Like many other forms of instructional videos, it was only a matter of time before guitar instructional videos made the leap to DVD. Austin Blues for Guitar, Volume I is an enjoyable four song instructional video, as the DVD takes an in-depth look at four Stevie Ray Vaughan standards: Cold Shot, Couldn't Stand the Weather, Crossfire, and Lenny, which range considerably in level of difficulty from rudimentary to complex. All four songs are taught by the same instructor, Dan Warner. For each song, Warner takes the viewer through tuning (all four songs are in E flat), the intro of the song, the main riffs and an additional section, usually the song's bridge. The DVD uses onscreen tablature to supplement Warner's instruction and his incremental approach to the songs prevents the viewer from feeling too overwhelmed by the occasionally complex songs. Throughout the instructional period for each song, Warner will go back and run through what has been learned, before a final performance of the song accompanied by a singer, Tommy Anthony, who does a decent job singing but isn't the type of singer one would expect to see on this DVD.
On to the big question: does this DVD work? Yes and no. At best a poor guitarist going in with some idea about the main the riff in Cold Shot and Crossfire, I know feel that I can do a serviceable job with the songs which is admittedly an accomplishment. However, for someone who has barely touched a guitar before, this DVD may very well be a bit too advanced. While Warner explains the makeup of the chords and licks used throughout the song, some of the chord structures are a bit unconventional and might be a bit awkward for someone who has not played them before. Further, Stevie Ray Vaughan employed a fairly advanced strumming technique which requires comfort and familiarity in picking and strumming in order to play the songs well. His stutter-step strumming is perhaps one of the hardest parts of Cold Shot, and while it plays less of a role in Lenny, the chord structures are the most difficult in that song. Also, some of the songs include licks which are played rather quickly. While Warner is willing to slow it down to get a better comprehension of the faster material, when it is time to play along with the whole song, one might feel a bit left behind. Nevertheless, if one is willing to go through the video a few different times, this DVD puts these songs within the range of comprehension and competence in a way that is superior to simply using tablature.
Of course one of the best features of this DVD is that it offers, in effect, an instructor with infinite patience, as a viewer can go back again and again until they feel comfortable that they have gotten it right. The viewer is also aided by a DVD that is quite easy to navigate, as the viewer can go directly to the song of their choice and then to the opening, the intro, the main riff, the bridge or the performance section just be advancing the chapter. This proves somewhat invaluable to any viewer who wishes to go back and review what they have just learned, or for someone who just wants to go to the performance portion and play along with the musicians. In addition, as mentioned below, during a couple of the songs and as a special feature on the DVD, there are additional instructional sessions on blues scales and blues chords which allow the viewer's learning to extend beyond the bounds of the four songs and to begin jamming. While the DVD does seem to eschew complex portions of the songs such as the solos which would be a bit more difficult to both teach and learn, all in all it is an enjoyable, fun experience from which it is easy to learn and get a taste of the Austin blues.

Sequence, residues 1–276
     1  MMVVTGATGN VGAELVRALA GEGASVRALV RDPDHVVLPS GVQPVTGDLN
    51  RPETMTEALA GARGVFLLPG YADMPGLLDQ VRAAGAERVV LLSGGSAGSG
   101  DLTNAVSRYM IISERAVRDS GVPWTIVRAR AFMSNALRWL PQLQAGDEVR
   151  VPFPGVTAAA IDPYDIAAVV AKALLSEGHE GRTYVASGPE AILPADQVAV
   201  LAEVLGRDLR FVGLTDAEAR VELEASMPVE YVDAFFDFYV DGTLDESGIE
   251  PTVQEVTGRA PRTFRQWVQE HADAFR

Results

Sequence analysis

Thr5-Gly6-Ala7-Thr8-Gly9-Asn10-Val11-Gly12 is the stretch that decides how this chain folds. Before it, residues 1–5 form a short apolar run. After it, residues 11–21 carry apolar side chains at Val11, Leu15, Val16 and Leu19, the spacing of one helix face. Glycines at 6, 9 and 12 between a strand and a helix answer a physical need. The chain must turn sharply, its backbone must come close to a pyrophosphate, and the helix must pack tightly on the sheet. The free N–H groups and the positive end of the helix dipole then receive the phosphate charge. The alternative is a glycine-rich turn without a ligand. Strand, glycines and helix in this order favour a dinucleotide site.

The DVD also contains a section referred to as additional tips, which includes instruction on a blues scale. The blues scale instruction is fairly easy to follow and will allow a viewer to pick up the basics of lead guitar through the simple scale in question, while also offering tips for extending the scale for an even greater range of sound and playing, along with a few other nice suggestions for extending the range of the scale through bends and vibrato. The only negative about these sections is they will very likely leave the viewer wishing there was even more detailed instruction on these additional tips.
Also among the additional tips is a section on so-called blues chords. This is a rather interesting eleven minute section which, along with the other parts of the additional tips section really augment what this DVD has to offer. The blues chords are a bit difficult at first, and this is a section that would benefit from illustrated chord patterns or tablature, however, watching this section a number of times would definitely seem to expand one's blues repertoire.
Finally, the additional tips section contains a twenty minute long feature called Tips & Tricks. The section begins with instruction from Warner on how one accomplishes bending of notes while playing. He actually does a great job in his instruction here, really allowing even beginners the opportunity to learn the fundamentals of bending, as well as vibrato, the next lesson. He even takes the viewer into the worlds of finger-tapping, a style of play that Eddie Van Halen made popular, and tremelo picking, both of which are rather difficult techniques to learn. Nevertheless, Warner provides a comprehensible explanation of the technique before breaking out into a more complex style which even some intermediate players might have difficulty playing. By the time Warner makes it through the intricacies of surf guitar, trills, and the whammy bars, it seems somewhat disconcerting that this instructional section was hidden in the bonus features section.